24 April – 27 October 2013
Gallery 2 and 2a
curated by Francesca Fabiani, Laura Gasparini, Giuliano Sergio
MAXXI is devoting a major anthological exhibition to the work of Luigi Ghirri, one of the undisputed masters of Italian photography. The exhibition is a joint venture between the museum and the municipality of Reggio Emilia, the city where the photographer lived and to which he left his archive. The original materials – photographs, galley proofs, books, catalogues and negatives – today conserved in the Biblioteca Panizzi, an institutional partner in the project, allow us to explore the diverse facets of this complex artistic figure.
The exhibition presents a brand-new overview of the photographer’s work through over 300 images, with particular attention being paid to the vintage prints produced directly by the artist.
The images will be accompanied by mock-ups for catalogues, published books, journals, reviews attesting to Ghirri’s activity as a publisher, critic and curator; a selection of photographs and artist’s books documenting his encounters and collaborations with Modena’s conceptual artists during the early 1970s; illustrated postcards and anonymous photographs collected by Ghirri, used to investigate his research into amateur photography and the stereotype of the landscape; a selection of books from Ghirri’s personal library that speak of his interests and cultural and artistic references; vinyl album covers that testify to Ghirri’s interest in music and his relationship with such artists as CCCP and Lucio Dalla.
The conceptual research is a starting point that allows Ghirri to build a new language that explores the usual places to reveal the icons that populate the contemporary world. Shop windows, advertisements, images of images, postcards and paintings that interact with reality, as well as the playgrounds, skies and people in moments of leisure, images that investigate the processes of seeing, but at the same time involve the viewer for their evocative capacity, icons of a collective memory.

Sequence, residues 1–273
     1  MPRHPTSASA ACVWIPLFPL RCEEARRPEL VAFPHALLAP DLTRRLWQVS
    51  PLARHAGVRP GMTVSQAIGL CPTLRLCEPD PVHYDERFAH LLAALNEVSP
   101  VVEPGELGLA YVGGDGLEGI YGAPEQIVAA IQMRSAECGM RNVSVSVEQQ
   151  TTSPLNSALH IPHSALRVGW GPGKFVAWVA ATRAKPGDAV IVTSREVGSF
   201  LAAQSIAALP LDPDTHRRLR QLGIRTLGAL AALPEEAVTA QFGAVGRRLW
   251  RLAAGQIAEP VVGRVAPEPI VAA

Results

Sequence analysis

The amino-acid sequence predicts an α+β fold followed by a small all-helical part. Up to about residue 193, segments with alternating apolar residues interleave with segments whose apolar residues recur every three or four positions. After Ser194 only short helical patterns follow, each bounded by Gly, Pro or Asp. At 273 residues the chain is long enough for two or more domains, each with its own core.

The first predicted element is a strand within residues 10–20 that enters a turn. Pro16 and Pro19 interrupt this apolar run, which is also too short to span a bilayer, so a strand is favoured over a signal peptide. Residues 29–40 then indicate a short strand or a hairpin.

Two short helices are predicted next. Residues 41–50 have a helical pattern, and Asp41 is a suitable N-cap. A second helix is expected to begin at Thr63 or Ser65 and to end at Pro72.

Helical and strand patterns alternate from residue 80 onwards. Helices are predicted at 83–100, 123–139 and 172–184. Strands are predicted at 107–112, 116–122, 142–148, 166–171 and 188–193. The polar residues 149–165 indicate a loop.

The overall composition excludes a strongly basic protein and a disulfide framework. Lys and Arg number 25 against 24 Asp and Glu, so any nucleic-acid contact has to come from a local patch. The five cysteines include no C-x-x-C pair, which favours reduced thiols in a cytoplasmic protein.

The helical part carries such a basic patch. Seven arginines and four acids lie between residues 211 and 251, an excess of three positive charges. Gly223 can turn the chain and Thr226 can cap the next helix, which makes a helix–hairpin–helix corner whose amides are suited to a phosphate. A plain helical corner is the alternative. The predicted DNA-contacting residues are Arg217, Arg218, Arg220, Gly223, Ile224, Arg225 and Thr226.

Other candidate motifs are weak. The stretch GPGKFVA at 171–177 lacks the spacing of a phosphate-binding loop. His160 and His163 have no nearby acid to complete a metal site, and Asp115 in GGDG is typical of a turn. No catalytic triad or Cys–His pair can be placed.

In landscapes the icons are still present but the horizon expands. The warehouses, service stations, anonymous suburbs depict a society which Ghirri looks upon with affection and awe, combining artificial landscapes with the real prospects of finding a new identity outside of the stereotype. Ghirri was to become one of the in promoters of the renewal of landscape photography of the ‘80s that involved an entire generation of photographers. Taking on the iconographic tradition of Italy Ghirri regenerates it with simple images, in which the panoramas are interspersed with churches, theatres, interiors, piazzas, the “achievements” of the gates.
Even architecture is a constant instrument in the narration of Ghirri. The photographer builds a kind of inventory of anonymous building types and reflects on their interaction with green spaces. He interprets designer architecture and reveals the perspectives of villas and gardens with a solemn and unique lightness. The gaze on interiors opens an intimate dimension of lived experiences culminating in the exhibition of a self-portrait narrated through the objects, books and space of his own home.